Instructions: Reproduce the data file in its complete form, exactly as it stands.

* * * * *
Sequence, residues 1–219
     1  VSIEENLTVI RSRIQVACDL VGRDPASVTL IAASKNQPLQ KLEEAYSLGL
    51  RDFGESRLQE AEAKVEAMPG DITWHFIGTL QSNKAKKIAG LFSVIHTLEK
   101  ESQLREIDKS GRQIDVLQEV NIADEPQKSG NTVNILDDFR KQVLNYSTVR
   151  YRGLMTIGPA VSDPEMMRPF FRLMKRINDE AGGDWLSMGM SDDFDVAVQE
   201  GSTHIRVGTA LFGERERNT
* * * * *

Sequence, residues 1–219
     1  VSIEENLTVI RSRIQVACDL VGRDPASVTL IAASKNQPLQ KLEEAYSLGL
    51  RDFGESRLQE AEAKVEAMPG DITWHFIGTL QSNKAKKIAG LFSVIHTLEK
   101  ESQLREIDKS GRQIDVLQEV NIADEPQKSG NTVNILDDFR KQVLNYSTVR
   151  YRGLMTIGPA VSDPEMMRPF FRLMKRINDE AGGDWLSMGM SDDFDVAVQE
   201  GSTHIRVGTA LFGERERNT